Build a community coalition with local establishments to refuse serving drinks to Soldiers that appear to be intoxicated Utilize FRG’s and “Guardian Angel Programs” to curb “binge drinking” and help Soldiers integrate back into a normal routine Identify “Battle Buddies”/“Designated Drivers” within the section to lend a helping hand when Soldiers decide to go out for a night on the town HIGH RISK DRINKING Addressing the Problem: Leader’s Responsibility • Remember - High-risk drinking causes numerous negative second-hand effects that result in sexual assault, violence, and vandalism, among other problems.
LEADER’S ACTIONS WITH THEIR SOLDIERS • Ensure no one is left out during the holidays. • Establish the buddy system and enforce it. • Evaluate each soldier for “HIGH RISK” attitudes, fatigue, stress, etc. • Complete a One-on-One review of leave plans discussing travel distance, rest plans, weather conditions, seatbelts, road speed, etc. • Conduct a Holiday Safety Brief • Ensure that every soldier knows how to contact you for help when needed. (excessive drinking, accidents, concern for your “Battle Buddy” or fellow soldier, etc.) • Reassure them that calls for help will be non-punitive.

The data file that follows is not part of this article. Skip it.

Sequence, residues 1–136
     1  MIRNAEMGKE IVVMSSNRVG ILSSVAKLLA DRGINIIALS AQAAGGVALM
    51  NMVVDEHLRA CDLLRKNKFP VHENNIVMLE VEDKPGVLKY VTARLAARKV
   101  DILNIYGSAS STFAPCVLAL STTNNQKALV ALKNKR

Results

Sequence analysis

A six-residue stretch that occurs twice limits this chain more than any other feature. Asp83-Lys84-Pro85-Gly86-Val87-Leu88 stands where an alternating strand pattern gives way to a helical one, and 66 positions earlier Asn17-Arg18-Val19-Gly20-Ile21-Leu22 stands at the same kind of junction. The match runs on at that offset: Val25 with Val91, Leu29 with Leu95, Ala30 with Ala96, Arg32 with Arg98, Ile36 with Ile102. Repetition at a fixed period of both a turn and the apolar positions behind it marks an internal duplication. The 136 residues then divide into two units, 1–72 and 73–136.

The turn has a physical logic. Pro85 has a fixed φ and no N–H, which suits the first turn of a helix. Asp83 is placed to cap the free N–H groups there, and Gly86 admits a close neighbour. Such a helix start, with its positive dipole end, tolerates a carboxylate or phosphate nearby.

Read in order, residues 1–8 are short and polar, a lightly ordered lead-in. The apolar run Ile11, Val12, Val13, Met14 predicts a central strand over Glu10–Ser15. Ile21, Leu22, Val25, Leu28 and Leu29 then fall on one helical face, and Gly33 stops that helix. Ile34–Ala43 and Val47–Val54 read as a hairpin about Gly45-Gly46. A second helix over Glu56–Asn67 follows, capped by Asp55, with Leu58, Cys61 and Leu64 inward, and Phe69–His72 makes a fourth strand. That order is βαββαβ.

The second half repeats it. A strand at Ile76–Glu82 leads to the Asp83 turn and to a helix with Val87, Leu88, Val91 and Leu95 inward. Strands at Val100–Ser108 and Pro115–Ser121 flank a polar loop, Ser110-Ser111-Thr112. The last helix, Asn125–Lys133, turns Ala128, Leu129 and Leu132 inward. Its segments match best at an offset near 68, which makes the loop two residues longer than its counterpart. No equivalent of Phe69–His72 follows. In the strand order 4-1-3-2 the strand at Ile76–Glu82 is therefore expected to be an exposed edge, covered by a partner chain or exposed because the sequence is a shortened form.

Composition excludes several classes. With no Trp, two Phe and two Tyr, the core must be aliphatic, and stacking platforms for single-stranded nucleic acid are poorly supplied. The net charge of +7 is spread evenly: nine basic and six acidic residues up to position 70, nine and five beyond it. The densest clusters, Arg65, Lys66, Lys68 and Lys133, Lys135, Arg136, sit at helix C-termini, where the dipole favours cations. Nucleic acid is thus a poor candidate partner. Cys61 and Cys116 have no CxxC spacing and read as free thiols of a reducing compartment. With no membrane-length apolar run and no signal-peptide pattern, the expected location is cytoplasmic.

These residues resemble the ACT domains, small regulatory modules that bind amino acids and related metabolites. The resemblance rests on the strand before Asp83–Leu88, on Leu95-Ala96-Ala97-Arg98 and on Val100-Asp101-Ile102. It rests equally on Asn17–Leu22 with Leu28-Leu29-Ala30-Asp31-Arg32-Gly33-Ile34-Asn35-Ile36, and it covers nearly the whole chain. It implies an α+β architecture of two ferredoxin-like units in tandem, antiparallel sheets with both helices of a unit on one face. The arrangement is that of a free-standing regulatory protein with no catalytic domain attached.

PART I I (OAK TREE COUNSELING)
The most serious consequence of consuming alcohol is a hangover. FALSE - The consumption of enough alcohol will cause death. This level is dependant on the individual. Alcohol increases your sexual drive and ability. TRUE AND FALSE - Alcohol decreases your inhibitions, which factor into an sexual drive. However, alcohol decreases sexual functioning and is linked with the reduction of male hormones. Blood alcohol charts are a safe and accurate means of determining how much alcohol is circulating in your blood stream. FALSE - Often these charts only take into account your weight and the number of drinks that you drank. These charts can be used as a guideline, but there are no guarantees to their validity. If an intoxicated person is semiconscious, you should encourage vomiting. FALSE - Encouraging the semiconscious person to vomit could cause choking and/or aspiration. It is okay to put your drunk, passed out friend to bed and go back to party. FALSE - NEVER LEAVE AN INTOXICATED PERSON ALONE. Stay with the person. TRUE OR FALSE